By Charles Longer, Leisure Ninja
Motocross games have traditionally been
average because the in-game physics always hurt the overall
control. When you'd hit a jump, you'd soar through the air like you
had a jet pack on. It's improved over time, and MX Unleashed has
finally found the right mix of control and over-the-top aerobatics.
Bike control is precise, but it's not
overwhelming; you don't need rock-steady hands to stay on the
track. The tricks are easy to complete when timed right, but if you
get greedy and try to pull too many on a jump, you're in for some
hot crashes. (While you can't literally kill yourself, your
character is subjected to some pretty horrific bends and twists when
you wreck. It's nice to see that they paid attention to this small,
yet meaningful, detail.) The tracks are all well-designed, and once
you're able to figure out the smoothest line through the jumps, you
can really move.
There's a good career mode that gives you
plenty of customization (for those of you who really care about the
color of pants your rider is wearing), and the computer competition
is tough-yet-beatable. The other gameplay options (trick runs,
freeride, races against various trucks, planes, helicopters,
etc.) offer a break from the normal track racing, and they're worth
spending some time in, too.
My only complaint is the limited range in
the freeride areas. I don't expect the programmers to create a
landscape of the entire globe to explore, but you really
feel restrained on where you can (and can't) ride.
Overall, an easy-playing game that's a fun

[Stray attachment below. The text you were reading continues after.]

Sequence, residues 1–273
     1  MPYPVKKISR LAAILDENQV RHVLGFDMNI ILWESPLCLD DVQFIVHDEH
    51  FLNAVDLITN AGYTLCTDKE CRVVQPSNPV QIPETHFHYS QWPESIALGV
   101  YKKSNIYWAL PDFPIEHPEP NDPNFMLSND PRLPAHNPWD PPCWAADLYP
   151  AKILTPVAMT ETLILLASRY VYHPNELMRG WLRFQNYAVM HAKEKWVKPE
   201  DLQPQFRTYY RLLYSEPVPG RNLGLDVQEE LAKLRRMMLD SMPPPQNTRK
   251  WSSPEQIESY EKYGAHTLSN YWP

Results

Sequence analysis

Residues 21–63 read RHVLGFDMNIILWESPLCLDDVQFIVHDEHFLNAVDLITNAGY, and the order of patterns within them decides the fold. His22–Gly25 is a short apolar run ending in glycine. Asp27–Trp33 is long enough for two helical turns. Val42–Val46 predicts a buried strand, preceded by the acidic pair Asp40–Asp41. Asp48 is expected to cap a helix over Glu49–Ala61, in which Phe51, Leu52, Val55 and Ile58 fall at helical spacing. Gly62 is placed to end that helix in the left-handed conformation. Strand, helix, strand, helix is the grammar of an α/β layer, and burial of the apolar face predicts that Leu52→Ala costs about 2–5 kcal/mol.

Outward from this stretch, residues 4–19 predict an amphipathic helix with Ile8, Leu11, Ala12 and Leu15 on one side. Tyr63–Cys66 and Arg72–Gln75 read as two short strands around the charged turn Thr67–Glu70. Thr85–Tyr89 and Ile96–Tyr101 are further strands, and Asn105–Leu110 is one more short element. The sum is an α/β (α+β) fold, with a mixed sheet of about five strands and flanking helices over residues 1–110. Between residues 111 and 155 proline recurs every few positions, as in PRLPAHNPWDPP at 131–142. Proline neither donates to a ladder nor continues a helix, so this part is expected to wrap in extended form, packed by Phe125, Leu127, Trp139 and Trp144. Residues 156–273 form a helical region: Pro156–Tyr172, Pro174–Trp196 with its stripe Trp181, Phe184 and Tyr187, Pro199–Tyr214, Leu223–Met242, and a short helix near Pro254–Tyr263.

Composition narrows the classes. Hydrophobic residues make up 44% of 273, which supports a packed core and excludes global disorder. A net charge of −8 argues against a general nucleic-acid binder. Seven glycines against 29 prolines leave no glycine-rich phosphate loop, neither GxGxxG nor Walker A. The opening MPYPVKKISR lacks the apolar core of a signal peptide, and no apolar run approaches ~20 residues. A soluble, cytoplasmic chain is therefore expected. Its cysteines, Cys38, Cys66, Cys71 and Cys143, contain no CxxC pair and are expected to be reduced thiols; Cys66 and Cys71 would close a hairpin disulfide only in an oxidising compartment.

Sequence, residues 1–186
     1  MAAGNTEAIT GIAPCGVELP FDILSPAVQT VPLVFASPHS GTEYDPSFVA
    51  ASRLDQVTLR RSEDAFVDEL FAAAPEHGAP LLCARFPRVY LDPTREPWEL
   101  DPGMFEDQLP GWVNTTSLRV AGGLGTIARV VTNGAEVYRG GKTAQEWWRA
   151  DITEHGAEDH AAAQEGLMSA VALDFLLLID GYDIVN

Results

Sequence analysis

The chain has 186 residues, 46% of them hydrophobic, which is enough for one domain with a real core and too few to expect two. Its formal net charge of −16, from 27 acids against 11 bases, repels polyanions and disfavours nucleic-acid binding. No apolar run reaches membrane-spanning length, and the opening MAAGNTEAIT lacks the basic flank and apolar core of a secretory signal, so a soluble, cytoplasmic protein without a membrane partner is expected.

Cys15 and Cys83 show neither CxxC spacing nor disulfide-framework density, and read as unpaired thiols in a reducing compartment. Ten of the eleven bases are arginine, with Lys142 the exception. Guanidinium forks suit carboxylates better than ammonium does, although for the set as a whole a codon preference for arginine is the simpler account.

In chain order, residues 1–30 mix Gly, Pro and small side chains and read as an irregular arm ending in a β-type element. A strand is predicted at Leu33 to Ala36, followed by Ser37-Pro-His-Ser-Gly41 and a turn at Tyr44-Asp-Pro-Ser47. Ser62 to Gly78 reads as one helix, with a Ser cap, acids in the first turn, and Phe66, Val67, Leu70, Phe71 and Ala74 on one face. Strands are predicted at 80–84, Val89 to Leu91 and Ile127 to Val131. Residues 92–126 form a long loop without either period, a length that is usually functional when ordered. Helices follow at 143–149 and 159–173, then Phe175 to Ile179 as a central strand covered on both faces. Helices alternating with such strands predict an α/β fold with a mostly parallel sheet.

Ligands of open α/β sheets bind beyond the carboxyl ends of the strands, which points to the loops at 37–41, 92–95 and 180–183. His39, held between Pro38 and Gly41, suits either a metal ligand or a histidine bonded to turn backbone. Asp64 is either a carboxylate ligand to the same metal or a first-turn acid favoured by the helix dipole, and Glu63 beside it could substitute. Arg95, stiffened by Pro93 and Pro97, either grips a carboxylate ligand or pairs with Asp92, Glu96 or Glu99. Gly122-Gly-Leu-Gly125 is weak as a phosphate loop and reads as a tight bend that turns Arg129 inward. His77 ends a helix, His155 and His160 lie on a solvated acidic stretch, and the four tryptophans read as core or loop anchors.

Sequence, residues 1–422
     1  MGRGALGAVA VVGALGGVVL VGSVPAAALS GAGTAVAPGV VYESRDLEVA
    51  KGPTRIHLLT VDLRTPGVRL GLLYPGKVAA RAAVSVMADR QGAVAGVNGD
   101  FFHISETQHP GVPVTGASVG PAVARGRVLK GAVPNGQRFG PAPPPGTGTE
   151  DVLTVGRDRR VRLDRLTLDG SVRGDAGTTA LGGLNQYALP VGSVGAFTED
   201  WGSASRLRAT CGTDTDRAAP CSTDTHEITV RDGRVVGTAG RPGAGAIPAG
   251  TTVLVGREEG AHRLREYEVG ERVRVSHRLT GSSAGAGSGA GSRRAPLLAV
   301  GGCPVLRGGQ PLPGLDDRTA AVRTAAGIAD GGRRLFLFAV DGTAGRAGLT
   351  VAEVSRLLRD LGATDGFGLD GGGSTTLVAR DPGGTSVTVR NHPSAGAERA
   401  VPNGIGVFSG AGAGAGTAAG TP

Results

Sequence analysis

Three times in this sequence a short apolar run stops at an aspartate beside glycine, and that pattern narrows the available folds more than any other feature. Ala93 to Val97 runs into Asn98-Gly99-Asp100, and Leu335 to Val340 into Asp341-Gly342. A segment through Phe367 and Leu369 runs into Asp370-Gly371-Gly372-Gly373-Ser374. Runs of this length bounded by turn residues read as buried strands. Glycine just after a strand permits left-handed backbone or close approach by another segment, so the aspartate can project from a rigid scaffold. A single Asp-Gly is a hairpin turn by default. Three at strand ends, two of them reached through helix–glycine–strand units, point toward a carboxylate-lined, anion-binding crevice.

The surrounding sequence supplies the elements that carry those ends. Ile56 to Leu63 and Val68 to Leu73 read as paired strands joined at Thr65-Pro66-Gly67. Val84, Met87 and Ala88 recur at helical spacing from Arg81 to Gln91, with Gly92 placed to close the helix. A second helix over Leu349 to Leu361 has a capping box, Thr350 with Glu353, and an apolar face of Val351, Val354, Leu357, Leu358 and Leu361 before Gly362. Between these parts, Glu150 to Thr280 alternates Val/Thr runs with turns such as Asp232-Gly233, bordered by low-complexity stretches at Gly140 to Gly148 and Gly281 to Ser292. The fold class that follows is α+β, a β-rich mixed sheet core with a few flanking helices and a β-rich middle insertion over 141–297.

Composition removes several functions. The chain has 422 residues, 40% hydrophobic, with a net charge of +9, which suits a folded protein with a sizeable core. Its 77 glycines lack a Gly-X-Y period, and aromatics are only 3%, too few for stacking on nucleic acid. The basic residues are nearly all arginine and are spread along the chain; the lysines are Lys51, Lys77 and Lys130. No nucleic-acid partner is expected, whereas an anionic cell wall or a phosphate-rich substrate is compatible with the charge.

way to burn a few hours in the evening.
You can reach Chuck at
Bellview Rating System:
"Opening Weekend": Buy
this game right away, and don't ask me any questions as to why
that's a good move. A game experience that will almost
guarantee repeated controller abuse, lots of ManScreaming and high
resale value, you will assuredly play this bad boy for months on end.
after games have been out for a while, they drop in price slightly,
or can be bought for slightly cheaper in combination with other new
games. Usually, that's about $40. You'll feel good
getting the game for this price, since it isn't quite
run-out-and-get-it-right-now good, but it has enough game in the box
for a few weeks' worth of enjoyment.
game is not too bad, but you'd be better off buying it used from
either half.com or eBay. You also might let a friend buy this
game, let s/he beat it, and then try to buy it from them to make
them feel better. Yes, this does tend to feel like "Sloppy
"Rental": Like my
cousin Ron, you should always rent games that you aren't sure about
first, to make sure that your $50 is going towards something
worthwhile. For games in this category, this is the maximum
amount of money ($5) and/or time (3-5 days) you'll need to either
gain satisfaction from the game, or beat the game in its entirety.
Rental-rated games are also sometimes perfect for a weekend when you
are going to be at home on your ass, with some time to kill.
Games like this should have never been released. If you play
this game for any reason, you will regret every second of the
experience. Further, if you can get this game for free, don't
do it, because even for FREE, it will still be a negative experience